Hernandez's death to a friend, who posted it on her website, Ex-Offender
Nation <http://exoffendernation.com/>. Within an hour of the story's
posting, Litwok was handcuffed, strip searched and sent to the SHU.
There's little quiet in the SHU, Litwok explained. All day, women
screamed, "Get me out of here! Get me the fuck out of here!" The
screaming was always worse at night.
Women who were on medication sometimes received a fraction of their
prescription after being placed in the SHU. Litwok recalls that her
cellmate was one of those women. "She was freaking out," she said. "It
was clear that she couldn't take it. She kept asking, 'Why am I here?
I'm not charged with anything.' "
Litwok was able to flag down the psychologist, who gave the woman the
proper dosage for that one night. But the following day the medications
were gone, and the woman's freak-out resumed. Two months later, Litwok's
cellmate, who had been placed in SHU "under investigation," was released
without charge. She was not the only one in the SHU whose charges were
"I was with 60 women in the SHU," Litwok recalled. Most were awaiting
the outcome of an investigation and hearing. "Everyone who was charged
had their charges dropped or reduced," she stated. She remembered women
accused of bringing in contraband. After spending four months in
isolation, their charges were dropped. Another woman spent eight months
after she cursed about a correctional officer within his hearing, and
was charged with threatening the officer. The charges were ultimately
In solitary, women must depend on prison staff to bring them
necessities. Litwok remembers the humiliation of having to beg for
toilet paper. In Illinois, Natschke reported that officers frequently
refused to hand out sanitary pads until women staged a disturbance. "I
went two days with no pads," she said. "There were several other women
who also needed pads. The officers ignored us or would tell us that
there aren't any." The women had to stage individual protests: "One
woman ended up flooding her cell. I held my chuckhole open so I could
see a lieutenant. Other women were banging on their doors."
They received their necessary pads, but each was also issued a
misconduct ticket, which prevents them from having their segregation
time reduced. "If we didn't do that, we would've still been sitting on
the toilet," noted Natschke, whose solitary sentence will not end until
August 3, 2015.
*Cellmates in Segregation: Enabling Human Interaction or a Result of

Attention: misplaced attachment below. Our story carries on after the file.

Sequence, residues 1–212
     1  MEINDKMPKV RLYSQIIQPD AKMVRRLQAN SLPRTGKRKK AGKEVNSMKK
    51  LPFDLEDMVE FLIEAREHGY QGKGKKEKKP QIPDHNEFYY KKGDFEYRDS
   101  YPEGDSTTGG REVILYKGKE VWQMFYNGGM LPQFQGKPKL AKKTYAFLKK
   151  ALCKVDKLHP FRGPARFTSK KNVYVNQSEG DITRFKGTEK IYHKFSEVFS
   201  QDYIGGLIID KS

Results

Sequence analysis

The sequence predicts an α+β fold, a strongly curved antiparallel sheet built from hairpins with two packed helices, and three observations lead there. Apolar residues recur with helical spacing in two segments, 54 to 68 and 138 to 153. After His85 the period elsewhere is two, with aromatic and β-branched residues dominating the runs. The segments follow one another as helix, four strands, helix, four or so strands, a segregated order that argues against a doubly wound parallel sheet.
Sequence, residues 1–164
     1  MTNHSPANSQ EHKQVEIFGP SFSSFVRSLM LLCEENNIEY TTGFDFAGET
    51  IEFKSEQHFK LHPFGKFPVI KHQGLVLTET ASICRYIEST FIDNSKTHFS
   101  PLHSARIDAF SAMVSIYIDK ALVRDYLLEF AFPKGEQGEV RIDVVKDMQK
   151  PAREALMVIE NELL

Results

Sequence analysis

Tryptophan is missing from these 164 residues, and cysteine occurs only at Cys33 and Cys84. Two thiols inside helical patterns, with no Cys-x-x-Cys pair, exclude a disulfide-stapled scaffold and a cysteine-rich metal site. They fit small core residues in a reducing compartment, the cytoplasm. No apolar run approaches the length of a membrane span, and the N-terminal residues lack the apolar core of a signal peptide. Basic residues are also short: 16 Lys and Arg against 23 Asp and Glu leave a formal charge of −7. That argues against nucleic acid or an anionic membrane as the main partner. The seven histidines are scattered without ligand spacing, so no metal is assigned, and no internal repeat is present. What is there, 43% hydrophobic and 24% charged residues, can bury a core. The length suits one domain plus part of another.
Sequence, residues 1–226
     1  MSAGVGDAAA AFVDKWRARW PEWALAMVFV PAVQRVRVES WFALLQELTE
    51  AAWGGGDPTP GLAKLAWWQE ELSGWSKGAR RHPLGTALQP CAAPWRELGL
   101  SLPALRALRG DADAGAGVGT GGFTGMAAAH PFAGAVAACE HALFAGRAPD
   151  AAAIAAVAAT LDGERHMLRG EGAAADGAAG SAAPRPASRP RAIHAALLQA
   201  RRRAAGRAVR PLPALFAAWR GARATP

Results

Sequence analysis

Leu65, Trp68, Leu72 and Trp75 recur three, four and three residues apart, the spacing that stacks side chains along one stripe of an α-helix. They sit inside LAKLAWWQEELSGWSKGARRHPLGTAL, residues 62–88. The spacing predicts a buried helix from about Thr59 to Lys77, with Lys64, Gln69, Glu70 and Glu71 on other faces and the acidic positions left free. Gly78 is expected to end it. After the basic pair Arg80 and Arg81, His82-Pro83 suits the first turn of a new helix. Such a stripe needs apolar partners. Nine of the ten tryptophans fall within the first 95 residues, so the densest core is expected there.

Prison administrators have pointed out that some people in segregation
are allowed cellmates and thus are not "solitary." In Logan, for
instance, prison watchdog group the John Howard Association found that
92 of the 99 women in segregation shared cells with one other person (a
term known as double-celling). In California's women's prisons
only two of the 158 women in Administrative Segregation and four of the
78 women in the Security Housing Unit were in cells alone; the others
are double-celled. But advocates, including people who have spent time
in these units, say that this double-celling is more about prison
than ensuring human interaction.
As of October 2014
for instance, the California Institution for Women, originally designed
to hold 1,100 people, housed 1,799; the Central California Women's
Facility, originally designed for 1,895, housed 3,676. In Illinois,
Logan, with a rated capacity of 1,106
currently holds 1,950 people
Having a cellmate, however, does little to ameliorate the effects of
prolonged confinement. "When the lights close, you're in this small
space," Litwok explained. "You can't turn on the TV; you can't listen to
the radio; you can't read a book." Four months later, she still has
difficulty falling asleep. When she does, she has nightmares. "I have a
darkness that I never had, a cloud that sits over my head. And you can't
fix that," she said. "I wonder if I'll ever be relaxed."
*Protective or Punitive?*
When 20-year-old Donna Hylton was first arrested and sent to Rikers
Island, New York City's island jail, she was placed in protective
custody (solitary confinement). "It was horrible!" she told Truthout. "I
was isolated. For a long time, I didn't see anyone. I got taken to court
by myself or, if I was on the bus with anyone else, they'd put me in the
caged part by myself." The isolation was ostensibly to protect her
because of her high-profile case in the kidnapping and murder of a real
But the lack of human contact soon resulted in nightmares, which
resulted in medical staff prescribing psychotropic medications. "I
didn't know what it was," Hylton explained. "They told me I had to take
it or I'd get in trouble. I didn't want to get in trouble, so I took it."
After six months, she was taken off protective custody and allowed into
general population. A few months later, after returning from court, she
was told that staff had found a straight razor among her possessions.
She was sentenced to 45 days in solitary and sent back to the same unit,
this time as punishment. "I was in the same unit, same corridor. It was